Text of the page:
Evidence from PIA PK8303 black boxes to be made public

Shadman Samee

Pakistani experts investigating the crash of PIA flight PK8303 returned from Le Bourget, France with the evidence extracted from the cockpit voice and flight data recorders by the French Bureau of Enquiry and Analysis for Civil Aviation Safety (BEA). 

On May 22, 2020, Pakistan International Airlines flight PK8303 crashed just outside the Karachi Airport, Pakistan. Of the 99 people (89 passengers and eight crew) onboard the Airbus A320, two passengers survived the accident. Eleven people were injured on the ground.

The content of the black boxes should be revealed to the public within the month, with a parliamentary hearing set for June 22, 2020. The most anticipated information is the status of the landing gear at the moment when the aircraft touched down, and if the flight crew was conscious of the landing gear status before they attempted to land. 

Preliminary elements hint that the aircraft, with its gears retracted, attempted a belly landing. Engines impacted the runway 25L three times, as revealed by the scratch marks it left.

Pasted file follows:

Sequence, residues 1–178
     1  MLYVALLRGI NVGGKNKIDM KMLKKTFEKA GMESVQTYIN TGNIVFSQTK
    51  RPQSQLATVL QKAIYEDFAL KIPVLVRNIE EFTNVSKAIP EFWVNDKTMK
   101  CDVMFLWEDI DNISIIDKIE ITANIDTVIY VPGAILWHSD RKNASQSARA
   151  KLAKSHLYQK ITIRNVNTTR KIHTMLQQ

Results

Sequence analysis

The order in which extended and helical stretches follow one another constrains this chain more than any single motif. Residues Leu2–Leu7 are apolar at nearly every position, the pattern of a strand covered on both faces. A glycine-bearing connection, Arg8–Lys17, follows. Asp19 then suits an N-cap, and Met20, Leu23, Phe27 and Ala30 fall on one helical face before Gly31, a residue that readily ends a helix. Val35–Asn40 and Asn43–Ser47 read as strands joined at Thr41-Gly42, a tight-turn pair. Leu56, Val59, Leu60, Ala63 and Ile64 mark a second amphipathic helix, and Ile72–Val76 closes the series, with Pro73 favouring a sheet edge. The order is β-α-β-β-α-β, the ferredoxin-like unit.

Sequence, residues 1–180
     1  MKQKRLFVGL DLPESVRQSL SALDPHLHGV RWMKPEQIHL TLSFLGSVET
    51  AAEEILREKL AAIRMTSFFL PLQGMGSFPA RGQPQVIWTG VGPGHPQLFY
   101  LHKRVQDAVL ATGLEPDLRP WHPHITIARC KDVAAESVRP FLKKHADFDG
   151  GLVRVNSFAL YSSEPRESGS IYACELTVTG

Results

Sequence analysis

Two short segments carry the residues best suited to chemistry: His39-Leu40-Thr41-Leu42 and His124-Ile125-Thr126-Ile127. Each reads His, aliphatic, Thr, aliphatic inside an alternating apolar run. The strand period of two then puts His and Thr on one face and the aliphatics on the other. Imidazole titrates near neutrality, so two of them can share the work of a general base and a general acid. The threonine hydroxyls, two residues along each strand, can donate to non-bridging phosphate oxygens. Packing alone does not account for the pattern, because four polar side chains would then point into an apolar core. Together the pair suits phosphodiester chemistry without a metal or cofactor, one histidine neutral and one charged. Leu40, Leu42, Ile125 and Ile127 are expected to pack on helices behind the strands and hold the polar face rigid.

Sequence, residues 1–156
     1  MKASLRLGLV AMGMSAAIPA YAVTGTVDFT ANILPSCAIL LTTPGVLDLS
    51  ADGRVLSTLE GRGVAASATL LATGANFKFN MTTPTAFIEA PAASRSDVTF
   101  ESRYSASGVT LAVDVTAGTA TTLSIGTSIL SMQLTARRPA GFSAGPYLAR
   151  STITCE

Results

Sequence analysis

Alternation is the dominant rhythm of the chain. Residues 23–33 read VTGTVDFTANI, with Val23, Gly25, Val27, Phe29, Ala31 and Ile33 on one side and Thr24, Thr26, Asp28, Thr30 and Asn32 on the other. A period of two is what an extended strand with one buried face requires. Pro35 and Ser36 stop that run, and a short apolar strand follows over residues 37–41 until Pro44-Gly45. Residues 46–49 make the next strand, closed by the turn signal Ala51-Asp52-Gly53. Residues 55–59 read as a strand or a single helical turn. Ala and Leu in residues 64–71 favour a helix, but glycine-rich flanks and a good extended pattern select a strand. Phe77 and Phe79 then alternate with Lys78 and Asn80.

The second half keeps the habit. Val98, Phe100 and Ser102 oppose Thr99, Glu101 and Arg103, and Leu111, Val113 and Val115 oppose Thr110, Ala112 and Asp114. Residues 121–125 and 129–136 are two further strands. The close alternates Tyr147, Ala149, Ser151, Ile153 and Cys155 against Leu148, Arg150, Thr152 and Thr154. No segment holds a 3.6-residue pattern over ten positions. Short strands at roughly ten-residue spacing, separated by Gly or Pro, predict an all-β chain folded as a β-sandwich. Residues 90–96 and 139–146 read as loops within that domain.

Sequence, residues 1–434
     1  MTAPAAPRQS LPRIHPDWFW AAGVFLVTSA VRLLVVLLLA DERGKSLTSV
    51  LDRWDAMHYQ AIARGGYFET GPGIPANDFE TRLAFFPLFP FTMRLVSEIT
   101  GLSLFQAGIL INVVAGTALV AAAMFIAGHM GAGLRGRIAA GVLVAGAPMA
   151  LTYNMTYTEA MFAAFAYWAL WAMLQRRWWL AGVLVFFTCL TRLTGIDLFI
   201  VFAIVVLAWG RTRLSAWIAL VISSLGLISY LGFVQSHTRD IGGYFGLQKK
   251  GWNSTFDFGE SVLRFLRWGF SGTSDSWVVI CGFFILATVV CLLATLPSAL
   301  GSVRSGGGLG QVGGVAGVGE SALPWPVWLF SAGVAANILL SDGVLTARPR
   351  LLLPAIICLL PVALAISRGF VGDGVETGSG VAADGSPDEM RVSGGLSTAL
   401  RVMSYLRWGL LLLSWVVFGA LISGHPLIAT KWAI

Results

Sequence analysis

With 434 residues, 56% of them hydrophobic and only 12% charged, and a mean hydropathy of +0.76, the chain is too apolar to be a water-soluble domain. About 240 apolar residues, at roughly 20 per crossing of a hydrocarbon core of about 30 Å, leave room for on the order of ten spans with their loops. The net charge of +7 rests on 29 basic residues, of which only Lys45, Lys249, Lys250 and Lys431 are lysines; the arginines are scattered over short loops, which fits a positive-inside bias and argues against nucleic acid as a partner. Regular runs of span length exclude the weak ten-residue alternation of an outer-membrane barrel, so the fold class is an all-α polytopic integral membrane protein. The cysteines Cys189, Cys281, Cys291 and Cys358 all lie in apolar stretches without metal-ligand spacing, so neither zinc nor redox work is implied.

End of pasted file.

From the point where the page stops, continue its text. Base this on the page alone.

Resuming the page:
According to local media, Karachi air traffic control warned the flight crew three times that their altitude was too high during approach, to which the pilot responded by saying that he was “satisfied.” The information was confirmed on June 2, 2020, by Pakistan’s Civil Aviation Authority (CAA).

Following the data extraction, Airbus reached out to the operators of the aircraft type to rule out any inherent technical problem, according to FlightGlobal.

An engine and the landing gear of the aircraft are still stuck on the roofs of two houses in the residential area where it crashed, the Express Tribune reports. They were left there over the fear that the buildings could collapse. The CAA will now have the task to secure the crash site and make sure the houses are structurally sound.

In parallel to the crash investigation, a second inquiry was opened after millions in cash were found in two bags that were recovered from the wreckage of flight PK8303.


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